IBWC has considerably increased their river channel maintenance. However, Libbin said, “The fact that over the last 15 years or so not much maintenance had been done leaves us with an aggraded channel. This has definitely decreased the capacity of that river channel and the levees, perhaps threatening the effort that was put into raising them and their certifiability.” The IBWC currently has consultants studying how much the flow capacity of the river has been decreased by sediment accumulation.

With the NM WRRI, Maxwell has been studying how the condition of the Rincon Arroyo and other arid watersheds effect the energy of the flood flows to seek potential watershed restoration strategies. In a 2019 research article, Maxwell and other researchers explain, “Throughout the increasingly arid Hatch and Mesilla Valleys, as is common across the Southwest, vegetation loss in upland watersheds is leading to floods that scour soils and transport sediment.” This results in downstream silting in of riparian areas and agricultural infrastructure like flood control dams, canals and ditches as well as the Rio Grande channel itself.  She notes that “higher flow energies and decreased infiltration are diminishing water storage across the landscape, negatively impacting agriculture and ecosystems”. She and others at the Stormwater Coalition emphasize how critical it is to address the basic causes of these high energy flows rather than simply continue the many years of emergency bandaid solutions.

Maxwell and Richard Davidson are also co-founders of the non-profit organization, the Alamosa Land Institute, and have researched potential solutions and sites for several proposed watershed restoration methods. Several of these will be discussed in part two of this series. One goal is to reduce the quantity of sediment reaching the river and contributing further to the ongoing maintenance issues. Keeping the river channel and irrigation system clear and functioning in their roles of water delivery and flood control is a primary goal.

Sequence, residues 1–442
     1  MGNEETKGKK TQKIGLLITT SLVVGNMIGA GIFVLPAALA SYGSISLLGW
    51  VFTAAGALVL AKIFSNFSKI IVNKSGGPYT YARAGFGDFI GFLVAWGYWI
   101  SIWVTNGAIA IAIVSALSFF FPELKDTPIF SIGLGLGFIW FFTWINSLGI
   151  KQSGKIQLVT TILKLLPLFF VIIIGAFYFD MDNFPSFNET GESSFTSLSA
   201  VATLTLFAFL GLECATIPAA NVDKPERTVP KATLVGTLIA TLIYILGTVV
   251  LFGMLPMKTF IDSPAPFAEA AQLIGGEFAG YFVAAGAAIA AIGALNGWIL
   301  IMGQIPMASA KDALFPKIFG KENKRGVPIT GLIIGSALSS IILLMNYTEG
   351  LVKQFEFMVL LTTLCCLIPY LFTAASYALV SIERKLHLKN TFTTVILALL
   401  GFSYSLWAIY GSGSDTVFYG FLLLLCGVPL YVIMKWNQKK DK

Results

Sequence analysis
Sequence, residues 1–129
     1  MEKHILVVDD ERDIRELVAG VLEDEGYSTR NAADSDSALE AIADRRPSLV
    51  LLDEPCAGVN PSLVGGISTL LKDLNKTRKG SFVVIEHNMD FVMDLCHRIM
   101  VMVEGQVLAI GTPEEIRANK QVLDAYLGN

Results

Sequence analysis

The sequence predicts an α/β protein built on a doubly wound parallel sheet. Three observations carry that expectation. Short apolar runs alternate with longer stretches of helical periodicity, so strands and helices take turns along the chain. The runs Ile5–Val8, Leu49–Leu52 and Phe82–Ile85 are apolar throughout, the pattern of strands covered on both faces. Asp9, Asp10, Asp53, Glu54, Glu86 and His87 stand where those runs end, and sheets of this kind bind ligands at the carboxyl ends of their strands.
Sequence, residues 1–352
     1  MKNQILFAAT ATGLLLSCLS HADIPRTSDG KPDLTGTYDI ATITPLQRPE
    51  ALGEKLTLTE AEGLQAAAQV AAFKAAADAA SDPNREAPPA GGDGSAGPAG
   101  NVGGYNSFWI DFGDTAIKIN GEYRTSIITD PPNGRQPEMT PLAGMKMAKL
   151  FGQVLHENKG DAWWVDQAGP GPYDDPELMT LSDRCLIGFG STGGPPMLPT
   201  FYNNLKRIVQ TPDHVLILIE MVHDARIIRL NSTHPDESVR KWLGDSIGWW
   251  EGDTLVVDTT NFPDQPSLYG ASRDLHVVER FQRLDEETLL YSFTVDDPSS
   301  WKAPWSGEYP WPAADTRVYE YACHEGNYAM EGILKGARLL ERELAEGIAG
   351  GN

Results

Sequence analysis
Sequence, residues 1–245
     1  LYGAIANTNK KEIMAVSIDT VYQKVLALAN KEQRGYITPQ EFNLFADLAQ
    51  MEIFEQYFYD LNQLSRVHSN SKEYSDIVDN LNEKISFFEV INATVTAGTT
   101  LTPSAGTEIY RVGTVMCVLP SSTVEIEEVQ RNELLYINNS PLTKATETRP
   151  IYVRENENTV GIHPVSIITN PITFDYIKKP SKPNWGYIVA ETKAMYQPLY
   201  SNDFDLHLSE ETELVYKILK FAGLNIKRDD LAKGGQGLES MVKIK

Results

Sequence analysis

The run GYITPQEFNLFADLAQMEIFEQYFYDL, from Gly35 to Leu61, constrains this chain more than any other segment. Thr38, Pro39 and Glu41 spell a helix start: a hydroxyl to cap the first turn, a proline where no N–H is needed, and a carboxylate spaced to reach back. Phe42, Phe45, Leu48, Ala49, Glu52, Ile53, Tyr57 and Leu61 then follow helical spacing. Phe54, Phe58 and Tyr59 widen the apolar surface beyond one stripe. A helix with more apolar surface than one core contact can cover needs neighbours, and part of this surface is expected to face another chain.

Esslinger and Gwynne both emphasized the public safety concerns facing the region if nothing is done to rehabilitate the watershed and address these issues. “Clearly, when you get flows of 10,000 CFS or more, somebody is going to get hurt. I don’t think the levees can hold that amount of water,” Esslinger said, “2006 was a good example; it came off the Placitas and around the Uvas Mountains and flooded out Hatch with three feet of water.”

“One of the other things that happens from a flood control standpoint,” said Gwynne, “is that we have drainage systems throughout our communities. They are all affected by the interrelated systems. What happens when these arroyos are plugged up and the water can’t get out?”

Echoing these concerns, Esslinger said, “This is a wake-up call. All of us here have an obligation and a duty to try to fix these watersheds and improve them so that we can slow the water down and manage it to the point that we can settle the silt out before it gets in the river and then utilize the water to recharge our aquifers.” Conservation practices in watersheds such as the Rincon have great potential to improve these conditions. A well-planned and implemented watershed project plan can also “address a myriad of natural resource issues such as water quality, soil erosion, animal waste management, irrigation, water management, municipal water and recreation,” according to the Coalition.

Collaborating agencies emphasize the need to address the Rincon Arroyo’s problems with more than just emergency measures. It is critical to head upstream into the watershed itself. Part two of this series will explore the findings of the tour and discuss proposed measures to repair the Rincon Watershed.

(EBID Staff Report)